A Pakistani army helicopter on Tuesday rescued four Italian and two Pakistani climbers stranded at an altitude of around 5,300 metres (17,390 feet) in the country’s north, after an avalanche struck the team the previous day, a mountaineering worker said. A Pakistani member of the team was killed.

The expedition was hit while descending a peak in the Ishkoman Valley, in the northern district of Ghizar.

Karrar Haidri, head of Pakistan’s Alpine Club, said the six surviving climbers were taken to a hospital in the nearby town of Gilgit for treatment of injuries.

“Sadly, one Pakistani mountaineer was killed, but six other members of the expedition are being treated at a hospital,” he said.

Missing mountaineers in Pakistan: military launch rescue mission for two Chinese and four Italian climbers after avalanche

Six mountaineers were rescued but a Pakistani member of the team was killed.

“A Pakistan army helicopter was used for this complicated but successful rescue operation, despite the fact that the stranded mountaineers were at an altitude of around 5,300 metres,” he added.

Ashraf Aman, a Pakistani tour operator who arranged the expedition, confirmed that Pakistan’s military had dispatched the helicopter on Tuesday morning to rescue the climbers.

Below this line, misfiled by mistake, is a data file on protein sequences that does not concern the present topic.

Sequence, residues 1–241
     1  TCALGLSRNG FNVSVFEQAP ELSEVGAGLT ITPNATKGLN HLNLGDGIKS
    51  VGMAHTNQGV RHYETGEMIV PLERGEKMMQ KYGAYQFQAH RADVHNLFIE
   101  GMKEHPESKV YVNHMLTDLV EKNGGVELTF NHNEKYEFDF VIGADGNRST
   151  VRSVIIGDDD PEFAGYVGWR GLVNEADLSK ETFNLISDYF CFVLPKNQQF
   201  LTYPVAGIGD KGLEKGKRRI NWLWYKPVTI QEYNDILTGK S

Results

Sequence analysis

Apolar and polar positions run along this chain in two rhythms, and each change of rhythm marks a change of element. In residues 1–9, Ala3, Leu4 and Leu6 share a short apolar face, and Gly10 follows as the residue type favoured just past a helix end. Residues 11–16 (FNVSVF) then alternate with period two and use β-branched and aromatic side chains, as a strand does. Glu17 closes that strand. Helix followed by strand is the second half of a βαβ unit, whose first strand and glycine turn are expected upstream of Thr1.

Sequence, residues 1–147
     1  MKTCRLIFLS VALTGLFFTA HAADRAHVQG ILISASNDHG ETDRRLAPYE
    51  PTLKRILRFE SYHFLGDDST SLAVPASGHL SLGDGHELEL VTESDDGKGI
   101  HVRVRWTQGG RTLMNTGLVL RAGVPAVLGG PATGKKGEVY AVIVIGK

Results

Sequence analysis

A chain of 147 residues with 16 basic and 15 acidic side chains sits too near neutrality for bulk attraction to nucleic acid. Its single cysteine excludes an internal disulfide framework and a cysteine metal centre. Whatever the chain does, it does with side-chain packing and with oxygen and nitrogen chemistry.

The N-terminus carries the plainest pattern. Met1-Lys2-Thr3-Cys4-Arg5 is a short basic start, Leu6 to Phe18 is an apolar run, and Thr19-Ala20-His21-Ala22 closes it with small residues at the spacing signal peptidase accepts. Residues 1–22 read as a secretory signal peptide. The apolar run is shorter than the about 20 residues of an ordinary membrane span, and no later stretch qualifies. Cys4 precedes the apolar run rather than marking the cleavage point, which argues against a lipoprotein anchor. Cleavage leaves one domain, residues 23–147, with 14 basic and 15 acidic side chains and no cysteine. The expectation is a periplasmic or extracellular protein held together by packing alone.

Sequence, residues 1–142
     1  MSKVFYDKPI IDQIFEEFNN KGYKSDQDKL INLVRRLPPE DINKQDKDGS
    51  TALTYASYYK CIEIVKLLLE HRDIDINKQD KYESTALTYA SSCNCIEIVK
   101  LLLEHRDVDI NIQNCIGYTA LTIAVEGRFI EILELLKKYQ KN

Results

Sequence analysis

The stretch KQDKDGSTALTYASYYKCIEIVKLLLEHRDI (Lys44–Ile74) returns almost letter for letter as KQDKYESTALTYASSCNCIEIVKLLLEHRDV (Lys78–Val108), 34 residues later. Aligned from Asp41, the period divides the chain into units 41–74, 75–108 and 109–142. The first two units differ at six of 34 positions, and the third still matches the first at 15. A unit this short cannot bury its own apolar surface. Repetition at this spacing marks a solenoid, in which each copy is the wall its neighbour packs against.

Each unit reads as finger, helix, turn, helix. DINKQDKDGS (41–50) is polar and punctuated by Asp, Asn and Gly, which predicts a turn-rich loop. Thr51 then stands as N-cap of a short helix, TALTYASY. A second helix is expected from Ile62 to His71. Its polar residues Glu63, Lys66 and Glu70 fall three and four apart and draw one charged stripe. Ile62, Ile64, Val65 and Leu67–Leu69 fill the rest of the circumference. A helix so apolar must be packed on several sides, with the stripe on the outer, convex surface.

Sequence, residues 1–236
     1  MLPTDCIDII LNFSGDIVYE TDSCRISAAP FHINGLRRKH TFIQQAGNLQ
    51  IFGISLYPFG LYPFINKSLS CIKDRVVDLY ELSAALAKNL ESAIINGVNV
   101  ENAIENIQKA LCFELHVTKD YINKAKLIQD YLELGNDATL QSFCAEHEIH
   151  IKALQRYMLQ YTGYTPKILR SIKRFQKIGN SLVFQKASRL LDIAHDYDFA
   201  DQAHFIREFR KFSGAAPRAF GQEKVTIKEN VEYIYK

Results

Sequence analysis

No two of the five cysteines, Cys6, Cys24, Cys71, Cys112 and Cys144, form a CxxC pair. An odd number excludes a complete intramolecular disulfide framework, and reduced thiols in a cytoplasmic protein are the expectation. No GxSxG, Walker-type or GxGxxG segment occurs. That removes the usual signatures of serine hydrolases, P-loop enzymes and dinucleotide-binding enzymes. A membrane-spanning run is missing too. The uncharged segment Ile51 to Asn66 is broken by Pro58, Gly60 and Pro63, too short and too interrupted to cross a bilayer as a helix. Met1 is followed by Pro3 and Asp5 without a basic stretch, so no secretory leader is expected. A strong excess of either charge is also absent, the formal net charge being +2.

He said the body of Pakistani mountaineer Mohammad Imtiaz would be brought down later.

Aman said none of the surviving team had life-threatening injuries.

The four Italian climbers involved are expedition leader Tarcisio Bellò, Luca Morellato, David Bergamin and Tino Toldo.

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The climbers were picked up at an altitude of around 5,300 metres in the country's north, after an avalanche struck.

Bellò said they were “very lucky” they survived. “I think a glacier collapsed and millions of tonnes come down. We were very high up the mountain,” he said.

In a separate incident on Monday, two Chinese mountaineers were reported missing in another area in northern Pakistan, said Haidri. He said a rescue mission was planned.

Mountaineers from across the world travel to Pakistan every year to try scaling its high northern mountains. Harsh weather and conditions often prove a test for the most experienced of climbers.

Earlier this year, two European climbers – Italian Daniele Nardi and Briton Tom Ballard – were killed during bad winter weather on Nanga Parbat, which is the world’s ninth-tallest mountain at 8,126 metres (26,660 feet).

Nardi, from near Rome, had attempted to scale the peak in winter several times. Ballard’s disappearance hit his homeland particularly hard as he is the son of Alison Hargreaves, the first woman to scale Mount Everest alone.

She died at age 33, descending the summit of K2.